When the last node, instead, points to the head node, it will be called a circular linked list:
Nodes can also carry pointers to both the next and the previous nodes. Such linked lists are called doubly-linked lists. A doubly-linked circular list will have the head node pointing to the second node in the list, while also pointing to the last node in the list. Equally, the last node will have two pointers: one pointed to the penultimate node and the other to the head node.
Arrays need to contain only the data-items stored within them. However, in the case of linked lists, each node has to also carry a pointer to the next node. Thus, to store the same number of data-items, a linked list will need greater amount of space in the computer’s memory, for each node. In this regard, linked lists have an overhead, in comparison with arrays.
Also, in other programming languages, such as C, all of this does not happen in the background. The programmer has to manually request the computer to allocate a bigger memory space when an array reaches its initially allocated capacity. One common work-around while working in such programming languages is to create dynamic arrays, such that each time an array reaches its full capacity (of containing n items), the programmer will request for a memory allocation of 2n items, and then copy the exiting items to the first half of the new memory location. Again, when the array reaches its full capacity, a capacity to store 2*2n items will be requested and so on. This saves the trouble of requesting allocation of a new memory location for the entire array, for each additional element.
While dynamic arrays attempt to reduce the number of times we need to seek a new memory location for inserting additional items, it is not a perfect solution. Also, it may lead a scenario where we are creating large arrays which unnecessarily ‘hold-up’ unused memory space. This could happen, for example, when the length of the array decreases in size subsequently. Thus, if the number of elements in the array subsequently decreases to (4n-m), the array would have an additional unused empty space for m items. Thus, arrays are not ideal when dealing with data that keep changing (i.e., for algorithms that require frequent insertions and deletions).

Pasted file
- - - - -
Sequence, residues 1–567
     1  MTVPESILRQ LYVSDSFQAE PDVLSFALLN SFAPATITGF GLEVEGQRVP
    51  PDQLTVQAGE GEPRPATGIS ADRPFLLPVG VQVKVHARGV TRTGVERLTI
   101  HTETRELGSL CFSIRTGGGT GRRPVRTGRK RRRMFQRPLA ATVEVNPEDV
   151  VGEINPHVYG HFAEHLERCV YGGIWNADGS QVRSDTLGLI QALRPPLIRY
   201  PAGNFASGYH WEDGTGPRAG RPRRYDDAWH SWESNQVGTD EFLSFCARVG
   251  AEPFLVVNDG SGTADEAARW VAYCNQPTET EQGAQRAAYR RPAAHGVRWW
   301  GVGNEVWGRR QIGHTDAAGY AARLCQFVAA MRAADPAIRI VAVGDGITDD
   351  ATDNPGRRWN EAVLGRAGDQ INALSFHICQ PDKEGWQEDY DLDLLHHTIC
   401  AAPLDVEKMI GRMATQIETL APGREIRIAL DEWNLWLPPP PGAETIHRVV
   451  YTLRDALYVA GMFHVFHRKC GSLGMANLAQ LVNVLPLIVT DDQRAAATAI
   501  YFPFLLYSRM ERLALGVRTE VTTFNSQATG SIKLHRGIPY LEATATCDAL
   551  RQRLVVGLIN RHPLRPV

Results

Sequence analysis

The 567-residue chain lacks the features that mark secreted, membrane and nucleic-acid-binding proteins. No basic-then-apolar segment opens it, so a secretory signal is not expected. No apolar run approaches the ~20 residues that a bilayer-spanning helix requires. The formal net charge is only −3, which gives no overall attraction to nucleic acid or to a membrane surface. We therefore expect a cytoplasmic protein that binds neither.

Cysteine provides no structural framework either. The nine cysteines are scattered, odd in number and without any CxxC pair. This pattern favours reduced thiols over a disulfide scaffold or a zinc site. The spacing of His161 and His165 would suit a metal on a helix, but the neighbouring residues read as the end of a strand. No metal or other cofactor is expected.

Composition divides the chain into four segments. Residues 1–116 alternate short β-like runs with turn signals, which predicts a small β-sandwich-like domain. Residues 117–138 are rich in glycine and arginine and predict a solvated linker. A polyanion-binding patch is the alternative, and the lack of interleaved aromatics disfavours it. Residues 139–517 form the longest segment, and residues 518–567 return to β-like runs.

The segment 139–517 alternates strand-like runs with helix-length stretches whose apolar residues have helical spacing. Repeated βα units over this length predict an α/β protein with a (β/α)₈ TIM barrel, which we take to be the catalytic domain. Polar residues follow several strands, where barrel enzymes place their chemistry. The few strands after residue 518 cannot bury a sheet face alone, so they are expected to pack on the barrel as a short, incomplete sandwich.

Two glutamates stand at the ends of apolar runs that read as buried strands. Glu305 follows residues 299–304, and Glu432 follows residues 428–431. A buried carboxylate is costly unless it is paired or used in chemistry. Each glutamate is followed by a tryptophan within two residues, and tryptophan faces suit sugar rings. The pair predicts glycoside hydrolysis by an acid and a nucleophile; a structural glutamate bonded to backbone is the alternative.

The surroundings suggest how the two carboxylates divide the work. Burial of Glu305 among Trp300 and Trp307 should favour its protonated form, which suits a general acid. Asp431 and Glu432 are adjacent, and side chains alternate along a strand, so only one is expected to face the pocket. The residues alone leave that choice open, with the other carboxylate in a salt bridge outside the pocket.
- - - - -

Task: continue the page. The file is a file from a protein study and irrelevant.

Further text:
However, unlike arrays, insertions and deletions are relatively simpler, as discussed below. And, so long as there is additional space available anywhere in the computer’s memory, we will never reach a point where we reach the maximum storage capacity when dealing with linked lists.
Accessing, Deleting and Inserting
Elements in an array can be accessed very efficiently, as they will always be contiguous to each other. Thus, accessing the value stored in a specific index
i will require only one operation. As a practical utility of this feature, if the elements of an array are sorted, finding out elements with the minimum value, maximum value, and median value can be done by one operation each. Additionally, it is convenient to iterate through various elements of an array, as they will always be sequentially arranged. Thus, if we need to check if an element exists within an unsorted array, we can run a simple loop to do this operation.